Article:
Category Archives: Ohio Homefront

1864: Sarah Wells (Hibbing) Rose & Thomas Stagg Rose Letters

How Sarah might have looked (Rob Morgan Collection)

The following seven letters were penned by Sarah Wells (Hibbing) Rose (1830-1874) of Cherry Grove, Hamilton county, Ohio, and her husband Pvt. Thomas Stagg Rose while he served in Co. H, 138th Ohio National Guard (ONG). Sarah wrote letters 3 & 4, Thomas the other five.

Tthe 138th Regiment Ohio Volunteer Infantry mustered into service at Camp Dennison, at Cincinnati, Ohio, on 14 May 1864. The men in the regiment were to serve one hundred days. The 138th consisted of Licking County’s 5th Regiment Ohio National Guard, Hardin County’s 32nd Battalion Ohio National Guard, and one company of Lorain County’s 37th Battalion Ohio National Guard.

In mid-May, authorities dispatched the regiment to Washington, DC, traveling via the Baltimore and Ohio Railroad. Upon reaching North Mountain, the 138th disembarked due to an impassable railroad bridge near Harper’s Ferry, West Virginia. After a delay of several days, the regiment arrived at Washington on May 22, 1864. Officials placed the 138th in Forts Albany, Craig, and Tillinghast south of the Potomac River. The regiment garrisoned these fortifications until June 5, 1864, when authorities ordered the 138th to White House, Virginia, where the regiment served on guard duty and supervised Confederate prisoners until June 16. The regiment then boarded ships for Bermuda Hundred, Virginia but disembarked at Fort Powhatan on the James River, twenty-five miles away from Bermuda Hundred. The regiment completed the journey on foot, arriving on June 19, and officials assigned the 138th to picket duty at Point of Rocks and Broadway Landing, Virginia.

Authorities soon ordered the regiment to the Cherrystone Inlet on Virginia’s Eastern Shore, where the 138th garrisoned several communities, including Eastville. The regiment protected telegraph lines connecting Cherrystone to Wilmington, Delaware and also patrolled for Confederate blockade-runners—duty so light and enjoyable that Thomas confessed that it was “more like a picnic than soldiering.” In late August 1864, the regiment traveled via the Pennsylvania Central Railroad to Camp Dennison, where the 138th mustered out of service on September 1, 1864. During the 138th Regiment Ohio Volunteer Infantry’s term of service, eight enlisted men perished from disease or accidents, while no soldiers died from wounds received on the battlefield.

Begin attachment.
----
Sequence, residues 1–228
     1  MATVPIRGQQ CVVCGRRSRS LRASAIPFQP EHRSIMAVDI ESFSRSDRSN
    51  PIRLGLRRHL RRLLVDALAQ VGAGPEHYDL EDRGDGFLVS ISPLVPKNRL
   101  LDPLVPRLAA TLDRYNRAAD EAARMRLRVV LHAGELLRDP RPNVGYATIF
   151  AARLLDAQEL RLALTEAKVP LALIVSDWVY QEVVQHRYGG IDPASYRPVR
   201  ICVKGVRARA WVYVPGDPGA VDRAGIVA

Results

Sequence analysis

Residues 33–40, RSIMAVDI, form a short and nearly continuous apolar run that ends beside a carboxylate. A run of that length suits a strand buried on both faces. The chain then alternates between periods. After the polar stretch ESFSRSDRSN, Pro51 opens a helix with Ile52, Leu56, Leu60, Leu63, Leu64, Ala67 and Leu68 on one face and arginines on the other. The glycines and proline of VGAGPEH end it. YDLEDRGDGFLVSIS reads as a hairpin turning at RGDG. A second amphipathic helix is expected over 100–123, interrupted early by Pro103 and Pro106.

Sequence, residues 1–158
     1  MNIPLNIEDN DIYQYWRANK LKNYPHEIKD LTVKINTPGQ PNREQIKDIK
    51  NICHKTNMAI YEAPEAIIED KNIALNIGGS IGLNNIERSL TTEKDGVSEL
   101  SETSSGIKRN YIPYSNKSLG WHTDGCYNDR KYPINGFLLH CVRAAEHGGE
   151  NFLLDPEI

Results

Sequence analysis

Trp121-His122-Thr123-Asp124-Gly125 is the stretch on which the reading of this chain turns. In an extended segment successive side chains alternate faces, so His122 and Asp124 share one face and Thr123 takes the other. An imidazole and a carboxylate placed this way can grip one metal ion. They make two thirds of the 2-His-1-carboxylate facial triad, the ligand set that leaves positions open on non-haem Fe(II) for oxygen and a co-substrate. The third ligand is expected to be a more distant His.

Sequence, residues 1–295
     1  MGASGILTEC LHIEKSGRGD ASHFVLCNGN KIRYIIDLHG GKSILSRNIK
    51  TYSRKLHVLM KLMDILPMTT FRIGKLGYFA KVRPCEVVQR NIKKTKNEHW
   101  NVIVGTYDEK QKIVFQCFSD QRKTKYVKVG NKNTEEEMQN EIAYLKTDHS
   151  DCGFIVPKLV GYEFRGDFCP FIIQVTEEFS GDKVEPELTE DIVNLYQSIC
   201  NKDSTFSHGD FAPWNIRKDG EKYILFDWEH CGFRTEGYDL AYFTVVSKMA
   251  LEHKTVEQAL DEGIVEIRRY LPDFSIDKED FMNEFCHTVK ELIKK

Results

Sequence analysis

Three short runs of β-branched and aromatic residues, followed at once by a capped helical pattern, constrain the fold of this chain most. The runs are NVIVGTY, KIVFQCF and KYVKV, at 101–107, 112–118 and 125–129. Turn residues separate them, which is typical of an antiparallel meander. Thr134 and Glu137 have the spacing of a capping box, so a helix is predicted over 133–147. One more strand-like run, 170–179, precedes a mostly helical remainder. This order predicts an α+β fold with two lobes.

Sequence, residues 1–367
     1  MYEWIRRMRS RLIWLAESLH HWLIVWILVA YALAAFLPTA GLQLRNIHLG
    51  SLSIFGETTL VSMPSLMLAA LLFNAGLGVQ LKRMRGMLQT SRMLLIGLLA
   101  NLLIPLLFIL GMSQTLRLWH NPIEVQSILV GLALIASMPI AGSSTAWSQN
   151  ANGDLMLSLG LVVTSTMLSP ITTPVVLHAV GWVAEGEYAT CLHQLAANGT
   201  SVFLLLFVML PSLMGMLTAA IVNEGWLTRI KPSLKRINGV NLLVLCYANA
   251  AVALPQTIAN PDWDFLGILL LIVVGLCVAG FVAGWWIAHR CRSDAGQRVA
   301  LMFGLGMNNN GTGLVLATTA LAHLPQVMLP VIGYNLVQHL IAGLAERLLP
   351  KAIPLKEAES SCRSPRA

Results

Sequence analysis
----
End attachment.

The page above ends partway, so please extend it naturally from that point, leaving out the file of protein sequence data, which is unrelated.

From Sarah’s letters we can gain some small idea of what it was like for the work-a-day lives of the wives and mothers who were left at home while their husbands went off to serve their country. At the time these letters were written in the summer of 1864, Sarah had four children ranging in age from four to fourteen to take care of, an elderly mother, and a large farm to manage. What she does not reveal in her letter—except to hint by writing, “I find it inconvenient these warm days,”—is that she was eight months pregnant at the time carrying her fifth child, Alice Rose (a.k.a., “the little stranger.”)

To read other letters by members of the 138th Ohio National Guard transcribed and published on Spared & Shared, see:

George Gaddis Myers, Co. C, 138th Ohio (Union/1 Letter)
J. Henry Hine, Co. H, 138th Ohio (Union/1 Letter)
William Budd Shinn, Co. H, 138th Ohio (Union/2 Letters)

Letter 1

Martinsburg, Virginia
Co. H, 138th [Ohio National Guard] Regiment
May 20, [1864]

Dear wife, children and mother,

I am now sitting away upon the side of a mountain in a pine grove where there are thousands of beautiful pine groves. I have been on the top of the mountain and looked over a beautiful valley called Happy Valley where the rebels went up into Fredericksburg, PA in the North. The Blue Ridge Mountains [can be seen] in the distance commencing up in the west running away round to the southeast. [Looking] east, the scenery is beyond mortal [man] to describe.

I intended to give you our trip in the form of a diary but my paper is precious and paper is very scarce and high here so I will write little and often.

Old George Martin was raised here at this place. The town is nearly burnt down. It was burnt by the rebels. They also burnt any [number of] places along the railroad. Last week they burnt a portion of the town of Piedmont. 1

The drum is beating before Battalion Drill so I must go.

Supper is over. I am now close to camp by a little mountain stream. I never enjoyed better health in my life. There is several of our company sick but they are those that don’t take care of themselves.

We had prayer meeting last night up on the side of the mountain. That the best drill for me since I left home. We have another tonight. It is delightful to hear hundreds of voices singing praise to God but prayer and war of not go together with me. I would rather be home plowing corn and praying with you at home. I count every day and think the rime will roll around.

We have beautiful clear weather here and warm. I have no news to write about the army. I expect you are better posted than I am. Our regiment has taken several spies or bushwhackers.

I must lose as I must be careful of paper. John is well. He is on picket today. I want you all to remember me and all write. Your dear husband, — T. S. Rose